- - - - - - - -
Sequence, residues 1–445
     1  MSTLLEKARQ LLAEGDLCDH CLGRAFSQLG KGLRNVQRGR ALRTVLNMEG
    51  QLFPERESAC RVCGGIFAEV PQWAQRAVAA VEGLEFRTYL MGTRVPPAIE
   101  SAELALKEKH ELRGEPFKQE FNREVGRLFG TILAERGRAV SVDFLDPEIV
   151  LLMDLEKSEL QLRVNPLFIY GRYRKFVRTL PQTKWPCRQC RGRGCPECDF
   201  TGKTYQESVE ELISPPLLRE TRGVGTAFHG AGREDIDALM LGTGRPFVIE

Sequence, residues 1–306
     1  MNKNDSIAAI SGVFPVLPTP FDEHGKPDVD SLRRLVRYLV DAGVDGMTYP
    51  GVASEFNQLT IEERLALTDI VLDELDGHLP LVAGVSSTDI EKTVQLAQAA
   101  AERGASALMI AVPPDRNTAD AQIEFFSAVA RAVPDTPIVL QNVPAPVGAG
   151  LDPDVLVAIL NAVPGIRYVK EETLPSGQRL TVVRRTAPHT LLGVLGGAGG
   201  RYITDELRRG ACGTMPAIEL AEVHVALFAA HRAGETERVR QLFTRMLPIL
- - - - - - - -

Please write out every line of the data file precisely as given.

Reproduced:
Sequence, residues 1–445
     1  MSTLLEKARQ LLAEGDLCDH CLGRAFSQLG KGLRNVQRGR ALRTVLNMEG
    51  QLFPERESAC RVCGGIFAEV PQWAQRAVAA VEGLEFRTYL MGTRVPPAIE
   101  SAELALKEKH ELRGEPFKQE FNREVGRLFG TILAERGRAV SVDFLDPEIV
   151  LLMDLEKSEL QLRVNPLFIY GRYRKFVRTL PQTKWPCRQC RGRGCPECDF
   201  TGKTYQESVE ELISPPLLRE TRGVGTAFHG AGREDIDALM LGTGRPFVIE

Sequence, residues 1–306
     1  MNKNDSIAAI SGVFPVLPTP FDEHGKPDVD SLRRLVRYLV DAGVDGMTYP
    51  GVASEFNQLT IEERLALTDI VLDELDGHLP LVAGVSSTDI EKTVQLAQAA
   101  AERGASALMI AVPPDRNTAD AQIEFFSAVA RAVPDTPIVL QNVPAPVGAG
   151  LDPDVLVAIL NAVPGIRYVK EETLPSGQRL TVVRRTAPHT LLGVLGGAGG
   201  RYITDELRRG ACGTMPAIEL AEVHVALFAA HRAGETERVR QLFTRMLPIL